Clients as Teachers The medical environment is inherently alienating to many patients and family members. Care providers often do not realize that the language and customs of medicine are strange to patients and families. Shirley Riley provides a helpful framework for approaching patient art: –The therapist can step into the [individual’s] drawings and let him/her teach the meaning of the visual narrative. The art is a form of personal externalization, an extension of oneself, a visible projection of thoughts or feelings. When the art is accepted, honored, and validated by the therapist, the creator is... equally accepted, honored and validated...When the problem or anxiety has been externalized... in a drawing, it is the perfect time to confront the problem-laden behavior and still validate the worth of the creator. (Riley, 1997, p.2) –Though medical patients may not be in the hospital to confront problem behaviors, they may find that they need help developing new strategies for managing stress and anxiety
Defining Ourselves In the Tracy’s Kids Art Therapy Programs: Art therapists serve as integrated members of the multidisciplinary treatment team. Open studio programs in clinics and infusion centers invite open-ended creation, facilitated by trained art therapists. –Most visiting artists teach a specific skill or medium, often in a directive, product-oriented way. Art therapists are skilled at listening for metaphoric expression in art and in recognizing content expressed in the art process itself. Therapeutic goals are often formulated first by the art therapists, and related to patients and families through the therapeutic work itself.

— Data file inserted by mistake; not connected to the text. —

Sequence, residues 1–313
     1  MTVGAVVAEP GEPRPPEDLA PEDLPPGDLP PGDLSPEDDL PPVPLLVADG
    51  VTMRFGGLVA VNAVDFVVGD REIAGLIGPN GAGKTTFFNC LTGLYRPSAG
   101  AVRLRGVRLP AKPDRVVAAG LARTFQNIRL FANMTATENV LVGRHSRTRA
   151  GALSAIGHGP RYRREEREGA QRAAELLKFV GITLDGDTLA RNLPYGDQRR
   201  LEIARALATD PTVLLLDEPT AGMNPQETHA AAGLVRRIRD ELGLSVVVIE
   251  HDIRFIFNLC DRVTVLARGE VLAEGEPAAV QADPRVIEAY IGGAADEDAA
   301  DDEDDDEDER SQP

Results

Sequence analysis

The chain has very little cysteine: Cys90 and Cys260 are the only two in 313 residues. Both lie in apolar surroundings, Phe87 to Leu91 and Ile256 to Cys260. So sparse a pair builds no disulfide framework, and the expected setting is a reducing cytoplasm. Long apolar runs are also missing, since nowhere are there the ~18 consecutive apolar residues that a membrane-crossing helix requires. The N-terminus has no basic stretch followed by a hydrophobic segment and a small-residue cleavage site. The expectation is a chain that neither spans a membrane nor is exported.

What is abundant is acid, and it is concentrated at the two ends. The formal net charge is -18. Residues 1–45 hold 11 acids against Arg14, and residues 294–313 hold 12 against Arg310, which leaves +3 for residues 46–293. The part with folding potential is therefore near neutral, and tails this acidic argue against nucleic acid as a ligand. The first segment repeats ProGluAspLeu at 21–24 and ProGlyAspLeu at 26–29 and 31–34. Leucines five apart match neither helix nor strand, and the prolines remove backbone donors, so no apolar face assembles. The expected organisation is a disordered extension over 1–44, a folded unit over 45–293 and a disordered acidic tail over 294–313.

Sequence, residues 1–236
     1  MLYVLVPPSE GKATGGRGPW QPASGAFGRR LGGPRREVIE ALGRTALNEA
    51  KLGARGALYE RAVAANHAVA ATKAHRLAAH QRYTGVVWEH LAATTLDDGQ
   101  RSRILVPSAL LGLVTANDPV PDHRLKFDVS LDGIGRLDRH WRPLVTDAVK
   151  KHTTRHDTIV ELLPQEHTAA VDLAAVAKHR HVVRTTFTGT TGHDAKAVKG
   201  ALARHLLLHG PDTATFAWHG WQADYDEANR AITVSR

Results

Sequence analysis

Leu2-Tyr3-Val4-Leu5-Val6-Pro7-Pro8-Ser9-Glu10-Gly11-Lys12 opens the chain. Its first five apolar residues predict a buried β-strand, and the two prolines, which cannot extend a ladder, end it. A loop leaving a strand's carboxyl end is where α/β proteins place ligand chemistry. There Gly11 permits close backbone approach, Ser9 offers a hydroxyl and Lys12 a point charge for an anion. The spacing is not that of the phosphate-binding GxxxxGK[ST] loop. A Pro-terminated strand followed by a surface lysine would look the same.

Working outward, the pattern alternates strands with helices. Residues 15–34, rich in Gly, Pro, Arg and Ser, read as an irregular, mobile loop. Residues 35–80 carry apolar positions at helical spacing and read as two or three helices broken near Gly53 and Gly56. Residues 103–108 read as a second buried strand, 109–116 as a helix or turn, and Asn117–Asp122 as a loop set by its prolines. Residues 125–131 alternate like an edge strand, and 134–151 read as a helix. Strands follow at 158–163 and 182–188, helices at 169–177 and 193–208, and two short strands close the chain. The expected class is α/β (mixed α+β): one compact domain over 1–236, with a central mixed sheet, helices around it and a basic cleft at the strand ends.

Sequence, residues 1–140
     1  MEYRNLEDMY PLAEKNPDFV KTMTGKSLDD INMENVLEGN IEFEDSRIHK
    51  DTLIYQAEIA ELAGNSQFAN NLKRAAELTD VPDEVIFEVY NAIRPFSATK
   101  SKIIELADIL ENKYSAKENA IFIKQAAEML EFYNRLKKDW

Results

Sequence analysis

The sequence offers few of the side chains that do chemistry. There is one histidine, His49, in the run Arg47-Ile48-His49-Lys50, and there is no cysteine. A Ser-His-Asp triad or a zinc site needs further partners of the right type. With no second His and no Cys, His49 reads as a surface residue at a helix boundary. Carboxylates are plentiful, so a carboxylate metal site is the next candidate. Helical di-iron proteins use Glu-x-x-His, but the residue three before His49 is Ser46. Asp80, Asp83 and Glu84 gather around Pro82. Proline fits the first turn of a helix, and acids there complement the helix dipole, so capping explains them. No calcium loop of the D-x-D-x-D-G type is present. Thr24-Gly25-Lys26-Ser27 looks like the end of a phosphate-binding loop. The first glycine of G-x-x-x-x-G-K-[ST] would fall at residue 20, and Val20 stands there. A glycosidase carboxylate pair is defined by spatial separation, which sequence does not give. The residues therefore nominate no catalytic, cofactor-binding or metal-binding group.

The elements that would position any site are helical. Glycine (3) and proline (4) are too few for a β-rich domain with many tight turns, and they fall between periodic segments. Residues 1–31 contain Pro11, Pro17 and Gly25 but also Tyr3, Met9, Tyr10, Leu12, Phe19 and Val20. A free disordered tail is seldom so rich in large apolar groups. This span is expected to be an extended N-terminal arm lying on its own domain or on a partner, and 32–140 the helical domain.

The Therapeutic Agreement The Tracy’s Kids programs are designed to become part of the environment of care at the hospitals and clinics where we work. Since we work with children, we have a Parental Permission Form, which we ask parents of all clinic kids to read and sign. The form describes the objectives and methods of our program, and allows parents to decide if they wish their children to participate. We have never had a parent refuse permission for art therapy services. We use the opportunity of gaining permission to educate parents about how we can help their children.